Common Food Accidents: Is It Safe To Eat Eggshells?

When it comes to eggshells, rogue shards of shells will certainly make for an unsavory surprise in fluffy omelets and silky scrambled eggs, but is it safe to eat eggshells? Not only are eggshells perfectly edible, but studies suggest that there's enough reason to add them to your diet.

While egg whites are mostly water and yolks are made of lipid fats, the outer shell of an egg is high in calcium carbonate. In fact, 95% of an eggshell is comprised of calcium, and the rest is made of phosphorous and magnesium as well as small amounts of manganese, potassium, sodium, zinc, iron, and copper . A good quality egg picked up from a supermarket generally has about 2.2 grams of calcium. Because the National Institutes of Health recommends that all adults between the age of 19 and 50 consume one gram of calcium a day, a single eggshell can make for twice the daily recommended intake of calcium. 

Eggshells are also an effective supplement that can be used to improve bone strength as well as potentially better your joints. Although eggshells are edible, it does not mean that you should go about eating shards of the shell for breakfast every day. On the contrary, Healthline recommends that only the eggshells that are cooked and blitzed into a powder are safe to eat.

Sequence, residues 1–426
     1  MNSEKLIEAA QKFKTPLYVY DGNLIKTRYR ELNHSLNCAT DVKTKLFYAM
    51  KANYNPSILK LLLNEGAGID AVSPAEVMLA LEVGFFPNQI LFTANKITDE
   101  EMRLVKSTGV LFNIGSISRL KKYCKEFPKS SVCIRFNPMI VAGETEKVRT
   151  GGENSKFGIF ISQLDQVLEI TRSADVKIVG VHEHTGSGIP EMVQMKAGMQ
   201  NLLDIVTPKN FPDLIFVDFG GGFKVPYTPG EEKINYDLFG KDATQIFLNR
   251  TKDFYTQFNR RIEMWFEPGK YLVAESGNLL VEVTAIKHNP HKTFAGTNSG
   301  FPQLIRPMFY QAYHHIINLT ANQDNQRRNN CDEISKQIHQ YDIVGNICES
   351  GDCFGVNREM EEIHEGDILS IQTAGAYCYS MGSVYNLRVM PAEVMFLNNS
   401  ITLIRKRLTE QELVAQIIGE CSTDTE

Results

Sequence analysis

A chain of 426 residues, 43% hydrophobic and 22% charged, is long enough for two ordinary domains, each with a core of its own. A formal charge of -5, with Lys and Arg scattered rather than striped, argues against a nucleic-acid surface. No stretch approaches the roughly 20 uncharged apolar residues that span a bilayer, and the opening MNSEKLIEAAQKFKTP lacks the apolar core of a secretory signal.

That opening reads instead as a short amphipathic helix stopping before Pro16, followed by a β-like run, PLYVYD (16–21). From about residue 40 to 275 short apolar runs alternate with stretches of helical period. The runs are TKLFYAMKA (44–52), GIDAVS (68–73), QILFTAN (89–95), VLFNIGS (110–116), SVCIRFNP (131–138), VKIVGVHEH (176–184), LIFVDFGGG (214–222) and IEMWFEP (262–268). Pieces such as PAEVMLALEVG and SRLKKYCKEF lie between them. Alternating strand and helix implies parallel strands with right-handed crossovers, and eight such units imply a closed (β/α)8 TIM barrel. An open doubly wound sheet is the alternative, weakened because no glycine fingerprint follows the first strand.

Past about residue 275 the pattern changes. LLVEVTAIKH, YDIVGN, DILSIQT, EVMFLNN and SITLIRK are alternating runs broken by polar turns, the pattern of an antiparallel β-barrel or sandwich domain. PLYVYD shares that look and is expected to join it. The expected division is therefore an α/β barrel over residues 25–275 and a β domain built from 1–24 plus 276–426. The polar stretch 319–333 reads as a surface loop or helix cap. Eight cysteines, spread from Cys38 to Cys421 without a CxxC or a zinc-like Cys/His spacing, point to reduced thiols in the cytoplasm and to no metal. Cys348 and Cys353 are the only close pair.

Eggshells are edible, but they should be prepped safely

The reason that many people throw away eggshells is due to the fact that they're coarse and could be harmful to one's digestive system. According to Healthline, rough shards when swallowed can damage your esophagus and your throat. If you are planning to incorporate eggshells into your diet, you should always blitz them into a smooth powder before consuming them. Most calcium supplements made from eggs tend to come in a powdered form.

Additionally, much like raw eggs, uncooked eggshells have the potential of containing bacteria like salmonella, which can make a person sick. Before being ground into a powder, eggshells should always be boiled first to get rid of its bacteria. Alternatively, the shells of raw or boiled eggs can also be set aside to dry and baked in an oven. A scoop of powdered eggshell can then be added to pizzas, toast, smoothies, or even used with coffee grounds to brew a cup of joe that's loaded with calcium.